Since hosting the coronation of William the Conqueror on Christmas Day in 1066, the dazzling sanctuary has witnessed an endless procession of royal ceremonies and affairs of state—from the canonization of Edward the Confessor, to the marriage of Prince Andrew and Sarah Ferguson, to the funerals of Henry V, Queen Elizabeth I, and Lady Diana.
Their tombs, packed into every last niche and alcove, range in grandeur from the most regal of mausoleums—that of Queen Elizabeth I, whose canopied sarcophagus inhabits its own private, apsidal chapel—down to the most modest etched floor tiles whose inscriptions have worn away with centuries of foot traffic, leaving it to one’s imagination whose relics might lie below the tile in the undercroft.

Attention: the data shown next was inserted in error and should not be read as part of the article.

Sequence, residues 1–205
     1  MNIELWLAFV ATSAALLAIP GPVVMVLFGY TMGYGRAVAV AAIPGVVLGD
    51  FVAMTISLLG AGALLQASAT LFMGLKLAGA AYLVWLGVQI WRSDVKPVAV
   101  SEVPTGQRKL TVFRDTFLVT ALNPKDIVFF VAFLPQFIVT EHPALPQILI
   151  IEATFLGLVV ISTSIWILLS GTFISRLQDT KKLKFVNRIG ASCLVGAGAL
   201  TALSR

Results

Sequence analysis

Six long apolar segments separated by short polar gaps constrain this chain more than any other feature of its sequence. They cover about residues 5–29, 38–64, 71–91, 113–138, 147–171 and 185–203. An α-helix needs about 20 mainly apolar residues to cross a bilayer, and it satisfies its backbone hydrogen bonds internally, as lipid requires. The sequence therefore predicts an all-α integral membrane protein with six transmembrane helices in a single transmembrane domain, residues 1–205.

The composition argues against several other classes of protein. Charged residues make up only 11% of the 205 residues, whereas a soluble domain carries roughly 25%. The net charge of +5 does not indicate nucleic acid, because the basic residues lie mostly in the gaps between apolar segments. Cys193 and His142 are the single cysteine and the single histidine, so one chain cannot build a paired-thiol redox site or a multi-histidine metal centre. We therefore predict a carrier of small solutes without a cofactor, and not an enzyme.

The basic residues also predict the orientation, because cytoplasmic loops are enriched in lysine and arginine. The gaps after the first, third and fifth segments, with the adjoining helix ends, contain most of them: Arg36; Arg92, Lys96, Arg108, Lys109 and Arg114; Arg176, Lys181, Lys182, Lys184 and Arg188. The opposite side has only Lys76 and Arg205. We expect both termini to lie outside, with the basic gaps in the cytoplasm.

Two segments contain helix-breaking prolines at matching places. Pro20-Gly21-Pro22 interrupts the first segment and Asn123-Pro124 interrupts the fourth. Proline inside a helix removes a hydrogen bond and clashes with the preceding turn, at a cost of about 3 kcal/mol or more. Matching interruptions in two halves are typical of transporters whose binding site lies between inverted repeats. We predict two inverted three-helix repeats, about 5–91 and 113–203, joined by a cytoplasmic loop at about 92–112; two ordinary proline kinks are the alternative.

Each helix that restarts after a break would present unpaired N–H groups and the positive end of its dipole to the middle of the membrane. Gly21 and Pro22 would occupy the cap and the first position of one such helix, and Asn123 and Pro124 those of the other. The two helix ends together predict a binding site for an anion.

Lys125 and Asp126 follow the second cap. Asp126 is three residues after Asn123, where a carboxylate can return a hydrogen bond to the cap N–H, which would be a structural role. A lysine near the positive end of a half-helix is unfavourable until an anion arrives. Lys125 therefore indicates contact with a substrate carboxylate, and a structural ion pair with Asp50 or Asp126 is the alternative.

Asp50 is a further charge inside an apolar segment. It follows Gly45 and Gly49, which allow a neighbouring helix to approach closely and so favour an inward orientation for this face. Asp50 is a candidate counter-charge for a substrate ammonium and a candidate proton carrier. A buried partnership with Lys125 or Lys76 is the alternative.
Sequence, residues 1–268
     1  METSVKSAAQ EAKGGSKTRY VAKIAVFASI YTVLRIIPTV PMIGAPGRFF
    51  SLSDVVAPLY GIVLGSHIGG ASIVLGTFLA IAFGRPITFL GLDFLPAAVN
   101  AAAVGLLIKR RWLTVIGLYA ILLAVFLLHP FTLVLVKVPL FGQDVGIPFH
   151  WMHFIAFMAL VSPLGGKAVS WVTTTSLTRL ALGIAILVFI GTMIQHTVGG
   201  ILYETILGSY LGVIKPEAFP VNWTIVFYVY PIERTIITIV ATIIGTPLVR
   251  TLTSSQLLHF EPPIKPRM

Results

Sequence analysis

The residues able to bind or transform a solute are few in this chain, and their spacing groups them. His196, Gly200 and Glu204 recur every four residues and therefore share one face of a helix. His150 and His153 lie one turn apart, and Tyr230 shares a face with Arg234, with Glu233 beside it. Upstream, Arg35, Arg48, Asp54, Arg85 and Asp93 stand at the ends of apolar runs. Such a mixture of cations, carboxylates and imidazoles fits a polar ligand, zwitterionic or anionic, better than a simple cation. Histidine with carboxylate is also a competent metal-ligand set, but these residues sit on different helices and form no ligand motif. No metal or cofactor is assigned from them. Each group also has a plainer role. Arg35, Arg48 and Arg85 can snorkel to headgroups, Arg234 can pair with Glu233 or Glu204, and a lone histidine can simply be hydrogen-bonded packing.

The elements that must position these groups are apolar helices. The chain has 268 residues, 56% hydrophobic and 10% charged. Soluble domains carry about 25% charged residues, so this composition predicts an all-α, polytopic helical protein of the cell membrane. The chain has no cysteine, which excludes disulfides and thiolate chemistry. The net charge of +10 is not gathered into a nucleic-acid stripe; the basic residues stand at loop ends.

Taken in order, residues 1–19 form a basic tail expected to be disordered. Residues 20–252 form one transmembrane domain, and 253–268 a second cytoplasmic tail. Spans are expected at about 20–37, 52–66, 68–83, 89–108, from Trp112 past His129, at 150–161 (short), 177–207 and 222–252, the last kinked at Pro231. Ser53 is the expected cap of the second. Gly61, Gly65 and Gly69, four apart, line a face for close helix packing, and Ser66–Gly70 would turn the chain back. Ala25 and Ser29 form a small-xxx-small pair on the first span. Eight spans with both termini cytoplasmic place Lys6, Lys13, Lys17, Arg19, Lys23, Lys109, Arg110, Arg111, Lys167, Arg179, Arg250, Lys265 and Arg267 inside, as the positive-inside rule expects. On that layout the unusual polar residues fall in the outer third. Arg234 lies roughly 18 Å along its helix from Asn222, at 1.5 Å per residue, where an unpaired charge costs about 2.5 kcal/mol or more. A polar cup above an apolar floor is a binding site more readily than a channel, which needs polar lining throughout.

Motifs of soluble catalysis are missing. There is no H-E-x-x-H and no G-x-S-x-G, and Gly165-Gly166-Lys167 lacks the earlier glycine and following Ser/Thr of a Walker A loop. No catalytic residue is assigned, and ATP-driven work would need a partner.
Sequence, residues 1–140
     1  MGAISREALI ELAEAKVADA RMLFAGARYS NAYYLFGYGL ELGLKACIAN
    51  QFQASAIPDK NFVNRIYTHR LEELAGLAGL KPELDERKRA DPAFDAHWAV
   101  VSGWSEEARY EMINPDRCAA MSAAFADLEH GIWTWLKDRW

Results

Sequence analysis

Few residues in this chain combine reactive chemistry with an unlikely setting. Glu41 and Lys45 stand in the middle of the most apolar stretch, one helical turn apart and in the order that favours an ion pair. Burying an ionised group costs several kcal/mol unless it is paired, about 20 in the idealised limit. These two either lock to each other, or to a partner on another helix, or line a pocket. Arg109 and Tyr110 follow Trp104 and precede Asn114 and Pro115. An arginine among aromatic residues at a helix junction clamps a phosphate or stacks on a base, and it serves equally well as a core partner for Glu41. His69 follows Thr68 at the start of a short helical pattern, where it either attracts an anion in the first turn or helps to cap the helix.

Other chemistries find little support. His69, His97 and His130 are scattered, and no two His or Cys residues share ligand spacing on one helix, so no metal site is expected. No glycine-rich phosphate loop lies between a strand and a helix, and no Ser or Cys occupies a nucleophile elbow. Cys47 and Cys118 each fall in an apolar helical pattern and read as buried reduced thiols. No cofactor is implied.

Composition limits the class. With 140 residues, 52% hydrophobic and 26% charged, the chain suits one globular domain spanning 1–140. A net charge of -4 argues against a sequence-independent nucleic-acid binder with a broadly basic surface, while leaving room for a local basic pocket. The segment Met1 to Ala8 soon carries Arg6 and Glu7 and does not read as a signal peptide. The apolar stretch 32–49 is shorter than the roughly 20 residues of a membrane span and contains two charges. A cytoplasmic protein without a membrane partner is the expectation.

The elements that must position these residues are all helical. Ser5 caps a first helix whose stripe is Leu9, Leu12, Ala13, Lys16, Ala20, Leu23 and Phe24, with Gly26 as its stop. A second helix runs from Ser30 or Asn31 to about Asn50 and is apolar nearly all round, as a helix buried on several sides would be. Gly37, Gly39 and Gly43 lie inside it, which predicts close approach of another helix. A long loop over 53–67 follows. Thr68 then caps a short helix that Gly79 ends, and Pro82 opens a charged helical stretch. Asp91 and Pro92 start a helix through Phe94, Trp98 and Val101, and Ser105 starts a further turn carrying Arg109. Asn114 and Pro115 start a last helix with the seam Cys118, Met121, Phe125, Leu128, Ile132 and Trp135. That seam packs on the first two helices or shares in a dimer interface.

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The Elizabethan era is in reference to the 45 years that Queen Elizabeth ruled.
[Enter QUEEN ELIZABETH and the DUCHESS OF YORK.]
William Shakespeare -- The Life and Death of King Richard III